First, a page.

It’s a safe bet that at least one dish on your holiday table will contain onions or garlic. Did you know that onions, garlic, scallions, shallots, chives, and leeks are all dangerous for pets? They’re all included in the allium food family, and they can cause toxic reactions in both dogs and cats. This goes for all varieties of these foods (cooked, raw, powdered, etc.). Keep your furry friend away!

Grapes, Raisins, Currants

Grapes, raisins, and currants have proven to be toxic to many of our canine and feline friends. Although it’s not clear what agent in these foods causes poisoning, and some pets seem to be able to ingest them without incident, it’s not worth taking the chance. Keep an eye on any holiday fruit trays that may contain these foods to make sure your pet doesn’t chow down.

Rich, Buttery, Fatty Foods

Too much rich or buttery food will undoubtedly cause an upset stomach, and it may lead to vomiting or diarrhea in many pets. An overload of fat at all once can even cause a very serious case of pancreatitis in some instances! Make sure that all dinner guests know not to slip your pet any table scraps without your consent.

Alcohol

Pets respond to alcohol just like humans do. The difference is, alcohol can poison a small pet in a very short time! If your holiday festivities will include alcoholic beverages, it’s important to keep a close eye on all drinks to make sure Fido or Fluffy doesn’t imbibe.

Would you like more advice on keeping your pet safe during the holidays? We’re here to help! Call your Floyds Knob, IN vet today.

Cat Care Hacks

Do you have a kitty? Our feline friends make wonderful pets. Cats aren’t difficult to care for: providing Fluffy with good food, regular veterinary care, and a clean litterbox will cover the basics. Caring for Fluffy does entail some work, however. Below, a Floyds Knob, IN vet offers some great cat care hacks to make your life a bit easier.

Cooling Fluffy Off

On really hot days, drop an ice cube onto the floor for Fluffy to play with. Since cats use their paw pads to regulate their temperature, batting an ice cube around is a great way for kitties to cool off.

Summer Napping Spot

Another way to keep your pet cool is to make her a kitty hammock. You’ll need an end table with four legs, and a piece of material. Cut the material so that it’s a bit smaller than the tabletop, then attach the corners of the fabric to the legs.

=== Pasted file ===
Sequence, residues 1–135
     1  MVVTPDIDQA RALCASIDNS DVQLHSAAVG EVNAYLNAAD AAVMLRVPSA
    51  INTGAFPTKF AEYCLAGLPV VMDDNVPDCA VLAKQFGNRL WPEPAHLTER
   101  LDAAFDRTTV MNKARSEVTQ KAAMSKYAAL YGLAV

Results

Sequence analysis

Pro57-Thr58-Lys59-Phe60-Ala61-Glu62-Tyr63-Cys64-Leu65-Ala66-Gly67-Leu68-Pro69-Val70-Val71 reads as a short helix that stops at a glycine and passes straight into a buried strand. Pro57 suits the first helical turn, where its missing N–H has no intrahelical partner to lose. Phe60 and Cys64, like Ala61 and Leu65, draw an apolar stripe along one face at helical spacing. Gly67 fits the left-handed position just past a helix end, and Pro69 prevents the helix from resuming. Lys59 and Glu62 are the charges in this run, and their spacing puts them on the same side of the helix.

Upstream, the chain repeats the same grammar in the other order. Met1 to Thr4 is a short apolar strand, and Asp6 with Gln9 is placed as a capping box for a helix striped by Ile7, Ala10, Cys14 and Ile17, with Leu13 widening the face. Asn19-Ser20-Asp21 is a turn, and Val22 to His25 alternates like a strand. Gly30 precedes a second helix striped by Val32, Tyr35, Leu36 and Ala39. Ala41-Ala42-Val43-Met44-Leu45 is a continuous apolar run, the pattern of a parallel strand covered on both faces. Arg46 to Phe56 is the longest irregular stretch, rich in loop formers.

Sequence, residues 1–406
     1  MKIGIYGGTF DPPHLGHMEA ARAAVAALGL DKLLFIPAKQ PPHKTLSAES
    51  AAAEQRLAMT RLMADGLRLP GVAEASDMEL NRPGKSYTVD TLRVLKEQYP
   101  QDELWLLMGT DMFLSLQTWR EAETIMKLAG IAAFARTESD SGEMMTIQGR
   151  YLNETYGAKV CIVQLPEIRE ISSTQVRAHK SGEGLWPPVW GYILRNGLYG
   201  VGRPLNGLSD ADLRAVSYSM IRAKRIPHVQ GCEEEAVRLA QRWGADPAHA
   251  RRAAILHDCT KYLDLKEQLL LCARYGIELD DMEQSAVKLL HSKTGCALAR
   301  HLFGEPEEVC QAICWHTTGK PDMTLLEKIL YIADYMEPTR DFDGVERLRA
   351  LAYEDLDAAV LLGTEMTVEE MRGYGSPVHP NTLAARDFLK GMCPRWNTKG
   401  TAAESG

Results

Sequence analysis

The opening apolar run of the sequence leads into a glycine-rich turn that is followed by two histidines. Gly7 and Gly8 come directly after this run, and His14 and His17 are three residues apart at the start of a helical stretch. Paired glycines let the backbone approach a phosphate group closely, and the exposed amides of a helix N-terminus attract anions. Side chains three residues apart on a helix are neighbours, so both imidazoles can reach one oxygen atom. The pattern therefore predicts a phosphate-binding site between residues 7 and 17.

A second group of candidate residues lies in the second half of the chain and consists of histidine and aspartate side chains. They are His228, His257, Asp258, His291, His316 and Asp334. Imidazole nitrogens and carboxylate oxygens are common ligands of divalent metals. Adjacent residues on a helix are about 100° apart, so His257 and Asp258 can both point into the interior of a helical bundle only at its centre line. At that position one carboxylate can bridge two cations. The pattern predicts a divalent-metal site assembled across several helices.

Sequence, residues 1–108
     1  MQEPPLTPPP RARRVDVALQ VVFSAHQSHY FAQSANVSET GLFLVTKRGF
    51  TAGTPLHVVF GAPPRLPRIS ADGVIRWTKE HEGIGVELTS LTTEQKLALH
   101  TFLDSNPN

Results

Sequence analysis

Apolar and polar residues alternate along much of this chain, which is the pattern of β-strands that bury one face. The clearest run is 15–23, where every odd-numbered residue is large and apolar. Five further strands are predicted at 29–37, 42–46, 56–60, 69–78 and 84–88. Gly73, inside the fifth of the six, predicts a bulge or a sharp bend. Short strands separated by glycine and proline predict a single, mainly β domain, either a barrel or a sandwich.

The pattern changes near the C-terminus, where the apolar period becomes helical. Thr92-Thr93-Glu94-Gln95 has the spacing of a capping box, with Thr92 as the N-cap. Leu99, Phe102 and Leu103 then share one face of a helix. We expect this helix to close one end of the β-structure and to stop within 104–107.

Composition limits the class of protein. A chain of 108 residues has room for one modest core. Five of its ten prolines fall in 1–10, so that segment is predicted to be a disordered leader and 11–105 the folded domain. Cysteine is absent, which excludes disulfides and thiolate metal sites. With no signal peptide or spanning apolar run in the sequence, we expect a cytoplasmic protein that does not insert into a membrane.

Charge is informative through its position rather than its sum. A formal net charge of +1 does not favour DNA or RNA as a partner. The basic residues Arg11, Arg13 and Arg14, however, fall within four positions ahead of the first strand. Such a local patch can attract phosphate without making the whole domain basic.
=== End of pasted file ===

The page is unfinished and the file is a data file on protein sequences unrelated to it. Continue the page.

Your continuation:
Food Spills

Put a dinner tray beneath Fluffy’s food bowls. If your kitty is a sloppy eater, this will contain her messes. It’s also easy to clean!

Fur Busting

Use a squeegee to get pet fur off your couch and carpet. You can also try a damp sponge, or a rubber dish glove. When you do laundry, add white vinegar to the wash. This will help loosen the fur.

Tape Tricks

If Fluffy is jumping on counters, put clear two-sided tape along the edge of the counter. Your frisky feline will hate the sticky feeling! After a few experiences, she’ll probably stop trying, and you can remove the tape.

Scratching

To keep Fluffy from scratching a sofa or chair, put two-sided tape in her favorite scratching spot. Another thing you can do is to attach a piece of carpet to a board. Nail the board to a wall, just high enough so your kitty will have to sit up to use it.

Carrier

Does Fluffy flee the moment she sees her carrier? Make the carrier seem like a comfy den by leaving it out. Add bedding and fun toys, and give her treats and toys near it.

Hunting Halt

Put a dent in Kitty’s hunting habit by tying a bell to her collar. Use a breakaway collar, so your feline friend can’t get caught on things.

Do you have questions about cat care? Contact us, your Floyds Knob, IN animal clinic, today!

Your Aging Cat

Is your cat age six or older? If so, Fluffy is approaching her golden years. Kitties become seniors around age seven, though it varies a bit from cat to cat. While your furball’s basic needs won’t change as she ages, she will need a little extra TLC as she grows older. Below, a Georgetown, IN veterinarian discusses senior cat care.

Diet

Proper nutrition will play a huge role in your furball’s overall health. Give your furry friend the best pet food you can afford, but don’t overfeed her. If Fluffy becomes obese, those extra pounds will put additional strain on her body, and can seriously endanger her health.

Mobility

As she ages, Fluffy may have trouble hopping up to her favorite napping spots. Use pet ramps or chairs to help your kitty get on and off furniture.

Veterinary Care

Regular veterinary care is very important! Having your feline pal examined regularly will increase the chances of any issues being caught early, which can be very beneficial. At home, watch for any changes in Fluffy’s appearance, habits, purrsonality, or behavior. Contact your vet immediately if you notice anything unusual.

Senior Accommodations

Fluffy may have difficulty with a litterbox that has high walls, so you may want to upgrade her facilities. Keep extra litterboxes on every floor of your home, so your furry buddy doesn’t have to use the stairs as often. It also isn’t a bad idea to keep a nightlight on to help your furball get around after dark.

Mental Stimulation